, Senegal and poverty stricken Somalia in Africa (which is mostly muslim and strict sexually) has 0.4%. Buddhist and HIndu Sri Lanka has so few its not even statistically relevant.

        TXUSERs and their ilk with their fake concerns about kids don’t seem to care very much about the millions of kids dying and suffering from ALL KINDS of illnesses other than AIDS. Apple etc are just supporting parades, charities, concerts, specially marked RED products JUST for AIDS. Where the blue product for cholera, the green for Dengue ? or whatever?
        (Note just this year there is Product Red Watch band, phones and also the Diamond Ring , all for AIDS)
        Yet supposed Social Justice Warrior types like TXUser can’t see any BIAS in this at all…
        or perhaps he’s into it as AIDS unlike many other illnesses is a social media darling.

        Like I said stats show 50% of seniors will get dementia and it’s related illnesses like Parkinsons, Alzheimers , that is if you’re married either you or your wife will get it.

        When we took care of our dementia parents it was no joke. Soiling beds, taking an agitated dementia patient to the dentist is near impossible (and it’s hard to brush their teeth), when they hurt themselves like break a bone in a fall or have internal problems you don’t know what’s wrong except the screams.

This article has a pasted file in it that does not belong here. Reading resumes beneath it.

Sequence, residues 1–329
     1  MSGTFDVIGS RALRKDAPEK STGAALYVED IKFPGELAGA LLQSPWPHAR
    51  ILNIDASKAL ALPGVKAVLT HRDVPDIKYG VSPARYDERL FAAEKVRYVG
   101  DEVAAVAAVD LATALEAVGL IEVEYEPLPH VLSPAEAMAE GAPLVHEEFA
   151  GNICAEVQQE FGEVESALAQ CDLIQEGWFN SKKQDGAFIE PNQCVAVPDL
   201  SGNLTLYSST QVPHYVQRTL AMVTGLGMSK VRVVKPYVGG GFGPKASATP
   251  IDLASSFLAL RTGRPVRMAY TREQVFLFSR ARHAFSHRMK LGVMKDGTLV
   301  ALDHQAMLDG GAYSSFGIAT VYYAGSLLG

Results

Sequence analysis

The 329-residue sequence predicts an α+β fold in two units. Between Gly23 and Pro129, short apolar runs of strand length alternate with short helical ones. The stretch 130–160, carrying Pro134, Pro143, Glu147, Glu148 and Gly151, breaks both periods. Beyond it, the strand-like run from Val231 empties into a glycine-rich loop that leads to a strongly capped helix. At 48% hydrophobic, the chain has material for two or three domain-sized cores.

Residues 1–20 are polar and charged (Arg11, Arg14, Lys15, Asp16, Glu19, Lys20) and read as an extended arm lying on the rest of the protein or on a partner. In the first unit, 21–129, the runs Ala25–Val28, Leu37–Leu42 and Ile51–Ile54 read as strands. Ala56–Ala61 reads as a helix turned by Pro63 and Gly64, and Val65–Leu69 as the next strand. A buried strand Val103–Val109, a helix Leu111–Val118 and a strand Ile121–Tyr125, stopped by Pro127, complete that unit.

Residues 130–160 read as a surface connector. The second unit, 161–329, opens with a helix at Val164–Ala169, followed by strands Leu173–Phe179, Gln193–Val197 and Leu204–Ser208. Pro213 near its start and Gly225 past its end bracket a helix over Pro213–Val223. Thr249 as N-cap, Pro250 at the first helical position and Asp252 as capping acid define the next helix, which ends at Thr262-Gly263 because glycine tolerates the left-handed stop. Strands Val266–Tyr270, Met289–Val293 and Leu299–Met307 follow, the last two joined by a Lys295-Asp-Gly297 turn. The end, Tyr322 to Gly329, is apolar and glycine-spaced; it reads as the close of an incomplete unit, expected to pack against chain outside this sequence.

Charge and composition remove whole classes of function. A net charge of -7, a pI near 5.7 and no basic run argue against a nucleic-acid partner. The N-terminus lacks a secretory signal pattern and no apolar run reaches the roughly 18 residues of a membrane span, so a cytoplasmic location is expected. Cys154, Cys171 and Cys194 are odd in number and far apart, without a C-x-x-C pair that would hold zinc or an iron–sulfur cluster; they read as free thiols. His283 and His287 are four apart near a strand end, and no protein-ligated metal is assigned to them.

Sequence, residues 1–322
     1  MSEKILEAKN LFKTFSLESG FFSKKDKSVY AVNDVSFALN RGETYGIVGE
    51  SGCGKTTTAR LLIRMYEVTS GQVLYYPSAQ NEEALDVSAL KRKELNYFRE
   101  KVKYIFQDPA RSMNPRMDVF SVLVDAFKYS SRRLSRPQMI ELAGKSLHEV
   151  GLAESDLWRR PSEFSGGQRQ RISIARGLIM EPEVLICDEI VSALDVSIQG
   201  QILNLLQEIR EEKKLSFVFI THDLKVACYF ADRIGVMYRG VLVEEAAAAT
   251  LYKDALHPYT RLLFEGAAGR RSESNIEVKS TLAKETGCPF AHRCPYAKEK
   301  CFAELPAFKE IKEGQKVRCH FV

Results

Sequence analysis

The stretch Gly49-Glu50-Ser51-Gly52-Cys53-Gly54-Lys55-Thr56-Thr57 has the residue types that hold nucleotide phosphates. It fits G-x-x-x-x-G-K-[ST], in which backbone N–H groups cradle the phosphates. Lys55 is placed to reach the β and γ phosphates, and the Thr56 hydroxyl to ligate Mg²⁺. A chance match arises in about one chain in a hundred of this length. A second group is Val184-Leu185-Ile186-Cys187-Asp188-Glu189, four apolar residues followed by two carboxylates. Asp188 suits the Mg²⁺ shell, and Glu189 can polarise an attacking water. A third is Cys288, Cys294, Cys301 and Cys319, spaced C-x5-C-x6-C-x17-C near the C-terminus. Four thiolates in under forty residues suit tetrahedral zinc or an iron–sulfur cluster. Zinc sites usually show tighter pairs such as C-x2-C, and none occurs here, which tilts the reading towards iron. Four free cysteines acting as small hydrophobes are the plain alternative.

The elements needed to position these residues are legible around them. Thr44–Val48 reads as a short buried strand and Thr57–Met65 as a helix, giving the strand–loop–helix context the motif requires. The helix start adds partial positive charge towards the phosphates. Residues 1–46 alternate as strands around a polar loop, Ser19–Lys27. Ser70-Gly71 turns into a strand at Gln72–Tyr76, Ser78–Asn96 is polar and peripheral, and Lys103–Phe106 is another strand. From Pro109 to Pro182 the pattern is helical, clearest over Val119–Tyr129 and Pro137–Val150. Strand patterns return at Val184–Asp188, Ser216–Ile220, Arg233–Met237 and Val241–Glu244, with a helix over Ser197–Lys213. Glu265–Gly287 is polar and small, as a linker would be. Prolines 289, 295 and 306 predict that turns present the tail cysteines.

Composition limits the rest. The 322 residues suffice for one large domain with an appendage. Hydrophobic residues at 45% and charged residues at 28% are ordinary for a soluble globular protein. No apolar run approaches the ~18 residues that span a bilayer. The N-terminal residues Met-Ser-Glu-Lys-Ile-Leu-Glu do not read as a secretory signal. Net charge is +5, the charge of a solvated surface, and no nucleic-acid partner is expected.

And unlike AIDS there is no easy or known way to prevent dementia or Alzheimer’s etc. I wish I could prevent in for them and for my own future by the simple expedient of wearing a ‘rubber’ like a band around my wrist.

        Even Gay people should actually look at funding for these other things which will kill him more easily than easily preventable AIDS.

        My neighbour has terminal lung cancer. Incredible pain every day, a strong ex manual worker who now can barely move. NON SMOKER, fit.
        If you told him wearing a ‘rubber’ would have given him 100% chance of not getting such a thing I have no doubt what he (or I) would say.

        I know another slowly engulfed by Parkinsons. The body is dying but the mind is fully alert. Encased in a dead body like a mummy. No one really knows why Parkinsons happens, no easy way to prevent it.